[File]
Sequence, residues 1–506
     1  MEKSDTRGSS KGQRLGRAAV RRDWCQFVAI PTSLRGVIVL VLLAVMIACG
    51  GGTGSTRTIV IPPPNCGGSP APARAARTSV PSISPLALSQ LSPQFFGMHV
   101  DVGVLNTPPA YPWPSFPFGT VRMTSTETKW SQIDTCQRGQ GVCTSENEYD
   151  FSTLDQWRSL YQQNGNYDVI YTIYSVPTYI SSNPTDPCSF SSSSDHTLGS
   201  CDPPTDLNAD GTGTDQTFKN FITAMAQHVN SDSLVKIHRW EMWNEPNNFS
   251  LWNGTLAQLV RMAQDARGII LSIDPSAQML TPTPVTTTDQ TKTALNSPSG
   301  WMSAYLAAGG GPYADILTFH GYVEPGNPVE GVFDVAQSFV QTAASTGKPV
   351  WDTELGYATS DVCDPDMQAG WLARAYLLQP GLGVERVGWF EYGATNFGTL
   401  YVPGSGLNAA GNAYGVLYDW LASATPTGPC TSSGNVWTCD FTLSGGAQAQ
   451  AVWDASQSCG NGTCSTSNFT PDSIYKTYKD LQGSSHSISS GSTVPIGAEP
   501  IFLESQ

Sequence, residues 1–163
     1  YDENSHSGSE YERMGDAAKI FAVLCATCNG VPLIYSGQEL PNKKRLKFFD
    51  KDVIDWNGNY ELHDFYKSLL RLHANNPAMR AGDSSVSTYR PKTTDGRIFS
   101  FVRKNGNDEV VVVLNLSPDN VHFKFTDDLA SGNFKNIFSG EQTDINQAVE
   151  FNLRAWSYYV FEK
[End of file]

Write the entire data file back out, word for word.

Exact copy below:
Sequence, residues 1–506
     1  MEKSDTRGSS KGQRLGRAAV RRDWCQFVAI PTSLRGVIVL VLLAVMIACG
    51  GGTGSTRTIV IPPPNCGGSP APARAARTSV PSISPLALSQ LSPQFFGMHV
   101  DVGVLNTPPA YPWPSFPFGT VRMTSTETKW SQIDTCQRGQ GVCTSENEYD
   151  FSTLDQWRSL YQQNGNYDVI YTIYSVPTYI SSNPTDPCSF SSSSDHTLGS
   201  CDPPTDLNAD GTGTDQTFKN FITAMAQHVN SDSLVKIHRW EMWNEPNNFS
   251  LWNGTLAQLV RMAQDARGII LSIDPSAQML TPTPVTTTDQ TKTALNSPSG
   301  WMSAYLAAGG GPYADILTFH GYVEPGNPVE GVFDVAQSFV QTAASTGKPV
   351  WDTELGYATS DVCDPDMQAG WLARAYLLQP GLGVERVGWF EYGATNFGTL
   401  YVPGSGLNAA GNAYGVLYDW LASATPTGPC TSSGNVWTCD FTLSGGAQAQ
   451  AVWDASQSCG NGTCSTSNFT PDSIYKTYKD LQGSSHSISS GSTVPIGAEP
   501  IFLESQ

Sequence, residues 1–163
     1  YDENSHSGSE YERMGDAAKI FAVLCATCNG VPLIYSGQEL PNKKRLKFFD
    51  KDVIDWNGNY ELHDFYKSLL RLHANNPAMR AGDSSVSTYR PKTTDGRIFS
   101  FVRKNGNDEV VVVLNLSPDN VHFKFTDDLA SGNFKNIFSG EQTDINQAVE
   151  FNLRAWSYYV FEK